It wasn't that big of a deal.

Re:I did (1)

Hardhead_7 (987030) | more than 2 years ago | (#37953776)

If I were a jet-setter that wrote checks, that might be important to me. But (A) I'm not. My work, like 99% of other people, doesn't include much travel and (B) I can't remember the last time I wrote a check.

Re:I did (2)

Bucky24 (1943328) | more than 2 years ago | (#37953780)

I've been approached by credit unions recently that claim to have more ATMs nationwide than BoA has. I'm guessing that the bank itself doesn't own the ATM but I can get no-fee withdrawal from them.

You're right about the check thing, but not a lot of people use checks anymore.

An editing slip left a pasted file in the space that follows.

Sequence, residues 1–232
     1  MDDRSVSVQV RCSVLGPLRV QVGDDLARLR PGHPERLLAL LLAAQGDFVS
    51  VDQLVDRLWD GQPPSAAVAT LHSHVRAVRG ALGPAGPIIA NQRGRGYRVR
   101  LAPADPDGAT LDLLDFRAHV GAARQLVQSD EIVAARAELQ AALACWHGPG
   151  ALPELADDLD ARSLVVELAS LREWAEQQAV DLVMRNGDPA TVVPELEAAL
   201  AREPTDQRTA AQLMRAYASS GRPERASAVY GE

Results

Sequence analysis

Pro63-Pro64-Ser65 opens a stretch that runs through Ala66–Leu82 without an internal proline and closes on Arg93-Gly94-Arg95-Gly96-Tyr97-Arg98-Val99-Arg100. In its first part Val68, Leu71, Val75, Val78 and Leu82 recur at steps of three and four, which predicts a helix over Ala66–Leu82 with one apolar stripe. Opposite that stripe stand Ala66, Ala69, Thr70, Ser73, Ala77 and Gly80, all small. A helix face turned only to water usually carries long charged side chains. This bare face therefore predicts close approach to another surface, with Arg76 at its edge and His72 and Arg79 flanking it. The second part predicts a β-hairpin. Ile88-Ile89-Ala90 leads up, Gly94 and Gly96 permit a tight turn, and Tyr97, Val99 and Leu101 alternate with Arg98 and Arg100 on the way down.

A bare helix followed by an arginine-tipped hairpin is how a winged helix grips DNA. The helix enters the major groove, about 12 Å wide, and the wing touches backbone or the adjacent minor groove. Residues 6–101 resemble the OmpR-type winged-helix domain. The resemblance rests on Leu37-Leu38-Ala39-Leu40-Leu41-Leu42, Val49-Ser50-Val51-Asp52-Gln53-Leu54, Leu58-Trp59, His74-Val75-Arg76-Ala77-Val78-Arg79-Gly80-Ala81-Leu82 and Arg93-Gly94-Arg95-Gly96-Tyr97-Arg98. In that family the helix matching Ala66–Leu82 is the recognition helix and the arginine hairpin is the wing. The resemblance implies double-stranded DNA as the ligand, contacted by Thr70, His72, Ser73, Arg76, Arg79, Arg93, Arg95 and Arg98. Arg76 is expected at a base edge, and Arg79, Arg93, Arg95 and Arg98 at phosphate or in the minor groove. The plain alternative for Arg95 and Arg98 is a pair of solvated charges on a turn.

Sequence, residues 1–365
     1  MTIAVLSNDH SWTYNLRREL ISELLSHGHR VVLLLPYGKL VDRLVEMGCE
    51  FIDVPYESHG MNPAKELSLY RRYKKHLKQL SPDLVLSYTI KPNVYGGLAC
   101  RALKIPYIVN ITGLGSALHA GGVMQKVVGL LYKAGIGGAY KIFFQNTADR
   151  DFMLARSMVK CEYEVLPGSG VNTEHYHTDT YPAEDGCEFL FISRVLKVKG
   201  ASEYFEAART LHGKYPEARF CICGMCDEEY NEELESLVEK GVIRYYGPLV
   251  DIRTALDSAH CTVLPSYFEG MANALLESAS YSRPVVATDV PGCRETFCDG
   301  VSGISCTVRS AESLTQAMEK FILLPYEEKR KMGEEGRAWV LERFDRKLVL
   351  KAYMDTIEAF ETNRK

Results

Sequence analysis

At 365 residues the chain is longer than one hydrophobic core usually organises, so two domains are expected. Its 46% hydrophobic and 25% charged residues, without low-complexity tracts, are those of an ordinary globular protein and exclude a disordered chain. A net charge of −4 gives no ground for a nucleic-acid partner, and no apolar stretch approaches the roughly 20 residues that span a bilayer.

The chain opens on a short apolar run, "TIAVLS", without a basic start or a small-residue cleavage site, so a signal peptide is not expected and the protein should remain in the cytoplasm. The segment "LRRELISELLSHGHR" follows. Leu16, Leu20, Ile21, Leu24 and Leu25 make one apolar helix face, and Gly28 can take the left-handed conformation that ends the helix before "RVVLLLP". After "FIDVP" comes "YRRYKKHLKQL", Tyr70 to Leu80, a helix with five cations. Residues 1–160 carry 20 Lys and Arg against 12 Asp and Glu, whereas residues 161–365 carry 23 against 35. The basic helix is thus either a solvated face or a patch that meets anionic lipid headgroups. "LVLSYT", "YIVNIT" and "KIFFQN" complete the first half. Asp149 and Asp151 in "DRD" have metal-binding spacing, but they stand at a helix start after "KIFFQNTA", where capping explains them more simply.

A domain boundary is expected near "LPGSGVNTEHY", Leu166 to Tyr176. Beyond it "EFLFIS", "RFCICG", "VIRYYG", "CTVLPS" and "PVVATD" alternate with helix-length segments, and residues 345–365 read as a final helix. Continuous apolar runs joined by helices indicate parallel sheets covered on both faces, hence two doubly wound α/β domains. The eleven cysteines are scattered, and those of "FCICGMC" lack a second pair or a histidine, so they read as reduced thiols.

Re:I did (0)

Anonymous Coward | more than 2 years ago | (#37953798)

I live in the Portland Metro area. I use a credit union. 2 years ago I was in lexington kentucky for 3 weeks. During that 3 weeks I went out to dinner with several people. One person asked if they could pay me back for dinner with a check. I of course said sure. Next day I took the check into the local co-op network credit union and deposited the check to my account. Nope no national presence at all. About 6 months after that. I went to Santo Domingo Dominican Republic. Out of curiousity I looked into how to access my credit union account while there. Yep, I could diretly access my account if I managed to find some obscure little bank in some part of town I never had been to. Admittedly, language would likely have been a bit of a barrier.

Re:I did (2)

bored_engineer (951004) | more than 2 years ago | (#37953832)